The vast majority of Canada’s lakes and rivers lost important legal protection in 2012. Reductions in fish and fish habitat protections further puts those waterways at risk, as did the elimination of environmental assessments of a wide range of projects and activities.
With Bill C-45, the federal government changed the Navigable Waters Protection Act, which had provided protection for both navigation and Canada’s waterways since 1882, to the Navigation Protection Act, lifting legal protection from over 99% of Canada’s tens of thousands of lakes and rivers.
Amendments to the Fisheries Act reduced protection of fish habitat and eliminated protection of fish that do not belong to or support a fishery. As a result, more activities are occurring in riparian areas without the oversight of Fisheries and Oceans Canada, requirements to avoid potential impacts, or monitoring of actual harms that are occurring.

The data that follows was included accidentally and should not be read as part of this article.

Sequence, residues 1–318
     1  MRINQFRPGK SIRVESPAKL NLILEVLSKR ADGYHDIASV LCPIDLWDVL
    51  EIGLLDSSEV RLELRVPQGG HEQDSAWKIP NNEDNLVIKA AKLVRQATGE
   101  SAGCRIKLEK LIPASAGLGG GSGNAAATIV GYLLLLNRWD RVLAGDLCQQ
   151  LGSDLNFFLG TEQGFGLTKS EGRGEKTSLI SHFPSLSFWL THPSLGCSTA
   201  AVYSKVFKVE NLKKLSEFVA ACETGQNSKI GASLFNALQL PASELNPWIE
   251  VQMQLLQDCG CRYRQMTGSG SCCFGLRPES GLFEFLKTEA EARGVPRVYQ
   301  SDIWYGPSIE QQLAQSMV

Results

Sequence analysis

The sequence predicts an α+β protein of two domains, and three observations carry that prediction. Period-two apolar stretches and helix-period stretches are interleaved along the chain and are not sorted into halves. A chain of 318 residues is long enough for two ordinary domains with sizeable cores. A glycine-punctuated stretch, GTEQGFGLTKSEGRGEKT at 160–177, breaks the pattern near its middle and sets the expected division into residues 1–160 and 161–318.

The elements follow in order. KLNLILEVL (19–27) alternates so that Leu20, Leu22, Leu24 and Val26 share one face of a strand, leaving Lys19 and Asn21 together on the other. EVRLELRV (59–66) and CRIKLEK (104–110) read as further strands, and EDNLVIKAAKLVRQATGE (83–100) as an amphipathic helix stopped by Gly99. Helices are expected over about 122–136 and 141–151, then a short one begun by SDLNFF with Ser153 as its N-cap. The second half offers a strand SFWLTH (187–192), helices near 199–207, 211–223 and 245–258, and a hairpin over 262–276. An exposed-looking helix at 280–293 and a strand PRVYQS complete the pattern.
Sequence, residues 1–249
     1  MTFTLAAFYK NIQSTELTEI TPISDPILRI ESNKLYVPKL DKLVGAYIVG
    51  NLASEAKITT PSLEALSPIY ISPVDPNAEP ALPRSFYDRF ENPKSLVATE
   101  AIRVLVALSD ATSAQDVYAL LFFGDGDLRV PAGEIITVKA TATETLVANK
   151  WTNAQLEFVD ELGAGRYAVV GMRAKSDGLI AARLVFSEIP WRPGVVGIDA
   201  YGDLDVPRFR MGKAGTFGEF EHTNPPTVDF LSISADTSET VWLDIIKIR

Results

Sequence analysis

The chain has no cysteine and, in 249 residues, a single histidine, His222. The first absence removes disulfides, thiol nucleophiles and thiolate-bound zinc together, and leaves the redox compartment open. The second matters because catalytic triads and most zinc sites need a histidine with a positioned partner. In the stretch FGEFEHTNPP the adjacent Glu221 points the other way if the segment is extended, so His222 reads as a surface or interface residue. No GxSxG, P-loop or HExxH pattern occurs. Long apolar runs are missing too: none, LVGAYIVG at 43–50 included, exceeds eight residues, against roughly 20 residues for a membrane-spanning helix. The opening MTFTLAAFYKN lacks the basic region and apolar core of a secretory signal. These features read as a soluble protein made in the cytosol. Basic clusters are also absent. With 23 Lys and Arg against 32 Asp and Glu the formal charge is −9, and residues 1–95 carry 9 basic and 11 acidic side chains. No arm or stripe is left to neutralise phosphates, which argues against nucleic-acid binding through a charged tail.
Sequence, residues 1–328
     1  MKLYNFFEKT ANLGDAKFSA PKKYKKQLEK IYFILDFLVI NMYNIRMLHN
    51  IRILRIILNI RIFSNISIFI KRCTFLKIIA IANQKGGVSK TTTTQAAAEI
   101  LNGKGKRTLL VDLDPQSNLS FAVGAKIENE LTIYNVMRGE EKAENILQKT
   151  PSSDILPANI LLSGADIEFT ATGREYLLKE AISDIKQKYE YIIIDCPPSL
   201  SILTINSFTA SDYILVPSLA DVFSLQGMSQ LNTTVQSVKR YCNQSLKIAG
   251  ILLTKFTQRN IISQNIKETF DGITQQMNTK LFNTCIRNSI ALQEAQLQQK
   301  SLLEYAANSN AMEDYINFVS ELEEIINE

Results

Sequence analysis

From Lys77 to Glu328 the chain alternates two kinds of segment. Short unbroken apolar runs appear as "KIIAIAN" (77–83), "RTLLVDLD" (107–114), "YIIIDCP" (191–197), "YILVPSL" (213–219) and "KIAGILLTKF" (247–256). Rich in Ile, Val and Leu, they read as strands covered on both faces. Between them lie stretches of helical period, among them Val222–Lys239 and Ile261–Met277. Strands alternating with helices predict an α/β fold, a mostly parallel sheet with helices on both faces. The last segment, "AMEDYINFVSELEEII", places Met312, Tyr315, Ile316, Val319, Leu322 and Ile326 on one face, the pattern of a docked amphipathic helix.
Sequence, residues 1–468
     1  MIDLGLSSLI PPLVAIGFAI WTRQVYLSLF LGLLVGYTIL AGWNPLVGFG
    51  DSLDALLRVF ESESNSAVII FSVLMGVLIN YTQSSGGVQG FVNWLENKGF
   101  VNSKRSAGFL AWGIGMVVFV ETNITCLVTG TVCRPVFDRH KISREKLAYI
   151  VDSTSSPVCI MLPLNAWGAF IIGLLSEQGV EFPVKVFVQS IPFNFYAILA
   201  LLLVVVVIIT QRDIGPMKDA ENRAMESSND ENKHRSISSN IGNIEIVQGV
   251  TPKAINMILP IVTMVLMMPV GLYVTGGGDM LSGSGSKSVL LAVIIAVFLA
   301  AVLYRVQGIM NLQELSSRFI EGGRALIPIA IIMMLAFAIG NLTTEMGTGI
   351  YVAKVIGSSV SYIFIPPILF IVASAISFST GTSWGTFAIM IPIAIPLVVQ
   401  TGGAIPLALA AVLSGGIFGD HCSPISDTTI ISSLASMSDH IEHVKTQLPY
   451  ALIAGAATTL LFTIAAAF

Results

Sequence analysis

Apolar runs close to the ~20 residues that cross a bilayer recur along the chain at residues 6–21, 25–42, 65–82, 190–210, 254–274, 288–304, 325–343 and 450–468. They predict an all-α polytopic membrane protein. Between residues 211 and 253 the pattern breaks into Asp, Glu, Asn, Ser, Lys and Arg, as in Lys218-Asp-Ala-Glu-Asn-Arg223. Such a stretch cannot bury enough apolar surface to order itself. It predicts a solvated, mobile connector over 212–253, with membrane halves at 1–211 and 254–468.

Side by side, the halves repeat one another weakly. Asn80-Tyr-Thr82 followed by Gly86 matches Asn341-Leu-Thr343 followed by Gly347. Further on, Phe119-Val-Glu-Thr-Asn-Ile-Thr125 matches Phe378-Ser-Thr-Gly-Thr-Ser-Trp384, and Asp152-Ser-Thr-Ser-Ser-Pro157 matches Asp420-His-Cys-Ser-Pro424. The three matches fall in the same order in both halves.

Waters are also made vulnerable by the significant reduction in environmental assessments by the federal government. Since it replaced the Canadian Environmental Assessment Act with CEAA 2012, the federal government has stopped assessing the potential environmental impacts of approximately 90% of the activities for which it grants permits. Considered the “look before you leap” of environmental permitting, environmental assessments are a crucial means of identifying the potential adverse effects of development and how to mitigate or avoid those impacts. For example, a federal environmental assessment stopped Taseko Mines from using BC’s Fish Lake as a tailings pond, and a subsequent federal review protected the lake a second time, when a BC review gave the proposal a green light.